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Traveler faces 6-day wait in Oakland airport as weather chaos continues

Sia Lolo waits at Oakland International Airport. | Garrett Leahy/The Standard

A father has told how winter weather air travel issues have wreaked havoc on his holiday family reunion plans.

Sia Lolo had planned to visit his wife and two daughters for the holidays but ended up spending Christmas in the airport.

Lolo arrived at Oakland International Airport from his Hawaii home in Honolulu on Christmas Day.

The dad told The Standard he has waited two days inside the airport hoping to catch another flight, only for two flights to his final destination of San Diego to be canceled in a row.

“The [Southwest Airlines] desk told me the next flight to San Diego was on Dec. 31,” Lolo said. “It’s been crazy. I’m just sitting here.”

READ MORE: Air Travel Nightmares Inside Oakland Airport as Winter Weather Ravages U.S.

A large amount of unclaimed baggage sits inside Oakland International Airport on Dec. 27, 2022. | Video by Garrett Leahy

Lolo will still get his family reunion; his wife agreed to pick him up from Oakland Airport, an eight-hour drive from San Diego, after he called to tell her about the delays and cancellations.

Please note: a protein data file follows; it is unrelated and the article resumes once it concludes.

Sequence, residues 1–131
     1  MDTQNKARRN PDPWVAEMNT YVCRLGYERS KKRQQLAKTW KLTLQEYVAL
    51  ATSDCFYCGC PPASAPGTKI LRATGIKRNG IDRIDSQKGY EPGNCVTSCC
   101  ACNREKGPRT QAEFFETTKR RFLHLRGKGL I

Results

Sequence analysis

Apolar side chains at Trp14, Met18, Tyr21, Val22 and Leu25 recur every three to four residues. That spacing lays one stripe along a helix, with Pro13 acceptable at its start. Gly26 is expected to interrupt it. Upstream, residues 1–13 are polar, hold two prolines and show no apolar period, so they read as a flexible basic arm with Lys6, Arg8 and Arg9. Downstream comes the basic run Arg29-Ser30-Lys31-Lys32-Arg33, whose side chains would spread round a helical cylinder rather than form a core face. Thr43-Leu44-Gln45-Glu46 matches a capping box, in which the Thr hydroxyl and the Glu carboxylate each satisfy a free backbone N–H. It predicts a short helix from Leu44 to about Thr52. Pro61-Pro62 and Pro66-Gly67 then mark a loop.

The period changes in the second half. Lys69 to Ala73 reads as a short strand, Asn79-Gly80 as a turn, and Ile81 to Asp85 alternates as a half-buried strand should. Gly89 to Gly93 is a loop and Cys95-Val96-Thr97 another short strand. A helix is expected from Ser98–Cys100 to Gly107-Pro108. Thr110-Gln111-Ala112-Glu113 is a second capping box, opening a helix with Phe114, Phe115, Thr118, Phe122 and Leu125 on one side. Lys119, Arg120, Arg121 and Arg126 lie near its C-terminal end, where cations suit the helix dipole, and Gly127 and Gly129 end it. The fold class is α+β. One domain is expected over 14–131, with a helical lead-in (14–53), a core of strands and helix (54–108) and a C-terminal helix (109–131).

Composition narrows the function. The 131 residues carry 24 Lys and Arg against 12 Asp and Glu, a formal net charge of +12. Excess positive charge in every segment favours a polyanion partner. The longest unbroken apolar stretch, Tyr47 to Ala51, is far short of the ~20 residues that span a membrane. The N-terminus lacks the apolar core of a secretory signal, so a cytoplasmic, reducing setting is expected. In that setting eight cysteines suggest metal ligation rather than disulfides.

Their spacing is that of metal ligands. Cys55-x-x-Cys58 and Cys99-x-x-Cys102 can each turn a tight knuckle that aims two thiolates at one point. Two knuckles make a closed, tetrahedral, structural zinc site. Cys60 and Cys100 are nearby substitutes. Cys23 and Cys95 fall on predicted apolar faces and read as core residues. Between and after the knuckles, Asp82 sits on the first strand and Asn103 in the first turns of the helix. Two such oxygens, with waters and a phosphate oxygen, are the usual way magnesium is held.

“It’s too much chaos, man. People just want to spend the holidays with their families,” Lolo said.

Southwest Airlines announced Monday it will fly about one-third of scheduled flights over the next several days as the winter weather continues to wreak havoc on holiday travel across the U.S.

The volume of cancellations prompted the U.S. Department of Transportation to say it is looking into whether Southwest could have done more to prevent them.

A Southwest Airlines spokesperson urged passengers to use this link to check flight status and said: “We were fully staffed and prepared for the approaching holiday weekend when the severe weather swept across the continent, where Southwest is the largest carrier in 23 of the top 25 travel markets in the U.S. These operational conditions forced daily changes to our flight schedule at a volume and magnitude that still has the tools our teams use to recover the airline operating at capacity.”